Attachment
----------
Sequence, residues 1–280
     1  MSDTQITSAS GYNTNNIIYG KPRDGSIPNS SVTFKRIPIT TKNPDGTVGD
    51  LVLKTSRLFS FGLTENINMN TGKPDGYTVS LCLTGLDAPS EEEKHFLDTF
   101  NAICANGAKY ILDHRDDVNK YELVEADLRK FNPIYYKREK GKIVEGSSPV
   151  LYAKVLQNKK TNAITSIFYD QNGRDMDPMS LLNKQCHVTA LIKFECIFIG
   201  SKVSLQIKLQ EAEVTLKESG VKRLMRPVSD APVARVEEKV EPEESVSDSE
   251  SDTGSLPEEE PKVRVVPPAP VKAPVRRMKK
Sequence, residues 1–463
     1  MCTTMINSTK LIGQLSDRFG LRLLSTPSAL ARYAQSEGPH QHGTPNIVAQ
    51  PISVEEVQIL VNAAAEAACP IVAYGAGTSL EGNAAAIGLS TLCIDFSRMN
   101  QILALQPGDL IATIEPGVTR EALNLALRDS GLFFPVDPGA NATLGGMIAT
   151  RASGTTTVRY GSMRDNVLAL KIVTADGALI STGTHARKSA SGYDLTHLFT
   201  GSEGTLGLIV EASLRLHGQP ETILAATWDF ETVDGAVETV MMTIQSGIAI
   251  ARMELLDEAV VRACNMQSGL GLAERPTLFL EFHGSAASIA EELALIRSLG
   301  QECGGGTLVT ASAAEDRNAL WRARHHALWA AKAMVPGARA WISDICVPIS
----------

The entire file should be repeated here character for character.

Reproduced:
Sequence, residues 1–280
     1  MSDTQITSAS GYNTNNIIYG KPRDGSIPNS SVTFKRIPIT TKNPDGTVGD
    51  LVLKTSRLFS FGLTENINMN TGKPDGYTVS LCLTGLDAPS EEEKHFLDTF
   101  NAICANGAKY ILDHRDDVNK YELVEADLRK FNPIYYKREK GKIVEGSSPV
   151  LYAKVLQNKK TNAITSIFYD QNGRDMDPMS LLNKQCHVTA LIKFECIFIG
   201  SKVSLQIKLQ EAEVTLKESG VKRLMRPVSD APVARVEEKV EPEESVSDSE
   251  SDTGSLPEEE PKVRVVPPAP VKAPVRRMKK
Sequence, residues 1–463
     1  MCTTMINSTK LIGQLSDRFG LRLLSTPSAL ARYAQSEGPH QHGTPNIVAQ
    51  PISVEEVQIL VNAAAEAACP IVAYGAGTSL EGNAAAIGLS TLCIDFSRMN
   101  QILALQPGDL IATIEPGVTR EALNLALRDS GLFFPVDPGA NATLGGMIAT
   151  RASGTTTVRY GSMRDNVLAL KIVTADGALI STGTHARKSA SGYDLTHLFT
   201  GSEGTLGLIV EASLRLHGQP ETILAATWDF ETVDGAVETV MMTIQSGIAI
   251  ARMELLDEAV VRACNMQSGL GLAERPTLFL EFHGSAASIA EELALIRSLG
   301  QECGGGTLVT ASAAEDRNAL WRARHHALWA AKAMVPGARA WISDICVPIS